All of this leaves me in limbo. How many jokes are appropriate to get me through those rough days? How many ill-timed, stifled giggles need to be tallied before I shift from having a sense of humor to becoming rude? Are any of those tallies erased when my heart goes out to a patient? I have seen several doctors struggle with the fine line between the wanted honesty and presumed mockery exacerbated by frustration.

 At least limbo has adrenaline, joy, humor, health, death, and a concoction of other elements that make me get into my very plain navy blue scrubs every morning. And it has coffee in all of its sweetly bitter, life giving deliciousness.


Posted by on February 12, 2011 in My Inspiration and Motivation


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I’m Sorry

From what I have heard from too many people, “I’m sorry” is the two hardest words to say. My pastor once told me a story to contradict this, and it has stuck with me. He was late for one of his college classes, and casually said he was sorry as he took his seat in the class. The professor asked him if he meant it. He said he did. “Then why are you not on the ground at your knees with tears in your eyes when you say, ‘I’m sorry’? It is then I would truly believe you.”

Has the simplicity of those two words degraded the intensity, the significance of the meaning it holds? Does the sincerity hold strong when your voice is laced with animosity? How about when it is used as a tool to obtain an underlying goal? 

 The purpose of this is not to say that I am sorry to anyone. I realized that I hear those two words more frequently than I’d like to, and did not realize how other people have been treating me so they needed to use it so often. Then I realized what I usually say in response: “No worries.”

Maybe I have changed my mind. You should be worried that you have to appologize to me all the time or feel compelled to say “I’m sorry.” What would you do if one day I decided to say, “You should be sorry for what you did, and I do not forgive you”? My suspicion is that you will continue to to appologize in an attempt to make it right, be overly kind to me until I give in, and/or become upset with me.

Which leads me to my point. Has appologizing lost it’s meaning? I feel as though I have become desensitized to it’s importance. We expect people to forgive us for what we are appologetic for. I believe that the professor had a lesson that we should all take to heart, that we should only appologize for things that we do feel genuinely sorry for. As for the rest, say something else that is more appropriate and has a more significant meaning for the situation, not just a compulsive “I’m sorry.” Maybe then I will have restored my faith in the magnitude of the simple two words, “I’m sorry.”

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Posted by on February 9, 2011 in My Inspiration and Motivation


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Humor, I’ll tell ya

Life is funny. And not like a “haha” funny.  I don’t laugh when things are meant to be funny. Worse yet, I laugh inappropriately in negative, ironic, or horrible situations.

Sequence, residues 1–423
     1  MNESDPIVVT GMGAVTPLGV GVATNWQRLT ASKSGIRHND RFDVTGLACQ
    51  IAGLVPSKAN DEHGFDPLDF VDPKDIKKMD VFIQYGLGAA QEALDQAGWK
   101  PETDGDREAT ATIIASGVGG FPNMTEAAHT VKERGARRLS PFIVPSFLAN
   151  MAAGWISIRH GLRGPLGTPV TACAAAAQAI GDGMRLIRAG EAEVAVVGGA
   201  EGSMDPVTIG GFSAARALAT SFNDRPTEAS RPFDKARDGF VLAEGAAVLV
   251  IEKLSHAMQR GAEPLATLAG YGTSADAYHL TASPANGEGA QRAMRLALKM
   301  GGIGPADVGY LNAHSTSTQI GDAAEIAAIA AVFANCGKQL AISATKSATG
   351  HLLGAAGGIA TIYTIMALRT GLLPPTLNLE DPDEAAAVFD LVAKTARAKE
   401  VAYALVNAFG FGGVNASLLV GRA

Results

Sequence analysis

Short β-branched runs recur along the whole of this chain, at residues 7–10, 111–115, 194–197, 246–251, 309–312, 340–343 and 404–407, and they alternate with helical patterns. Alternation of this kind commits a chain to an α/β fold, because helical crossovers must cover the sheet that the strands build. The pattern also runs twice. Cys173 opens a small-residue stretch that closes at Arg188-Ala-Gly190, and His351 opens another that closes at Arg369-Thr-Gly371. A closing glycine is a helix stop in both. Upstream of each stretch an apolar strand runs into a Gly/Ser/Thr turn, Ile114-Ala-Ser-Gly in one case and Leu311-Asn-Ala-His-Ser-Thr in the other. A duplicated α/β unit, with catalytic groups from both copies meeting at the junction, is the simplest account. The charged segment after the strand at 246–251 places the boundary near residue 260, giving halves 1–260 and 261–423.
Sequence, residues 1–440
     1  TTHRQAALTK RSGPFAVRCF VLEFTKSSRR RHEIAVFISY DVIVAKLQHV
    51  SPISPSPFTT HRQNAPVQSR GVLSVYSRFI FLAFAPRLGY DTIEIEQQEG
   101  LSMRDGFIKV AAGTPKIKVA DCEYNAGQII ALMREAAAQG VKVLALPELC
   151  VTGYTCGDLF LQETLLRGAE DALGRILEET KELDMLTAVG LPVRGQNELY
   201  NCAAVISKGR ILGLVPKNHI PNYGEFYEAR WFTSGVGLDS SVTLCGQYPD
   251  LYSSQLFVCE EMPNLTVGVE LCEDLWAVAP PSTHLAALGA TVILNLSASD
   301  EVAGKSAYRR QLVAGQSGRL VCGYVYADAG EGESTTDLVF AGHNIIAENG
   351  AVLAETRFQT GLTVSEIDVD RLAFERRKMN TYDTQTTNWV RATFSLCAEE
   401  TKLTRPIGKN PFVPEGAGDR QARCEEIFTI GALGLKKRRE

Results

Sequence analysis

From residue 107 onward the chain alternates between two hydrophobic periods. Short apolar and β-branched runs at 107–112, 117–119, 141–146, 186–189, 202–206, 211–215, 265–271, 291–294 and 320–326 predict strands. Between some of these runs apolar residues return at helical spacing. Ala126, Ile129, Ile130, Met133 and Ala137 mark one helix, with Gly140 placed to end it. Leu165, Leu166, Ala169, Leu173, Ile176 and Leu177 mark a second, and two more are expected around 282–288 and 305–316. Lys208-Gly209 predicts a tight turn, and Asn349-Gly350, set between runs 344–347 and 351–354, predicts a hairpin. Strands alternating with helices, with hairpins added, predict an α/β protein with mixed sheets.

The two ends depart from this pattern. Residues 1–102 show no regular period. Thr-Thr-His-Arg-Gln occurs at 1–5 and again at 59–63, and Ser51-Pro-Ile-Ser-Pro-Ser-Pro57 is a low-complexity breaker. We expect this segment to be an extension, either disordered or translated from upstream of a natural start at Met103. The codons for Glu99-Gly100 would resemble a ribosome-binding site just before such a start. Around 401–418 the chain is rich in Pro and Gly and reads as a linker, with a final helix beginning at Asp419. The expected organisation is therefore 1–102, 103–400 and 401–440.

I’m laughing now. Remember me being all drama filled negative Nancy about some blue eyed boy? He has decided he wants to talk to me again. He wants to tell me how he made a mistake, and how he needs me to know that I was “the only good thing he had going for him.” Mind you, this was after he drunkedly messaged me at 4 a.m., sobered up, and messaged me about being heartbroken over a presumably wonderful young lady who broke up with him over a text message the day before Christmas after cheating on him… twice. The laughter starts.

At first it is more of a silent giggle, the kind that’s muffled in the back of a highschool classroom during a sexual intercourse lecture in all of it’s lame vidoes. The guilty, supressed giggle.

But then it continues. It felt good when he told me that he loved me. He never wanted to leave when the weekend was over, and he definitely did not want to go to work when I was still sleeping in his bed. This guy is a comedian! I was over eight months and three girls ago. Haha, hahahah! He wants to leave Minnesota the first chance he gets. He wants to leave this country the first chance he gets. Mexico, no Greece to live on a boat and start a new life. This is where the inappropriate, obnoxious laughter starts. The embarrassing, snorting, uncontrollable, gut laughter that leaves your abdominal muscles sore and eyes watering.

Why is it so funny? Months ago I would have been happy to hear that I am not a dreadful person. By him talking to me, I would have understood that even though we didn’t make it, I was worth it. It could have made things easier. Instead, now I am here laughing at the very things I wanted him to say about six months ago. Irony, I tell you, is a comical thing. No wonder why Shakespeare relied so heavily on it. Comedy and drama.

I know most women, or men for that fact, would not be so easily amused by such a serious situation. A blue eyed boy pouring his heart out to “the love of his life” isn’t the theme of some slap stick comedy show. It’s placed neatly into the chick flick, romance, or Disney category without a doubt. So, why am I laughing so hard? The only reason I can think of is that life is funny. And not in a “haha” sort of way. I don’t laugh when I should, and I obviously laugh when I shouldn’t.

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Posted by on February 8, 2011 in My "Love" Life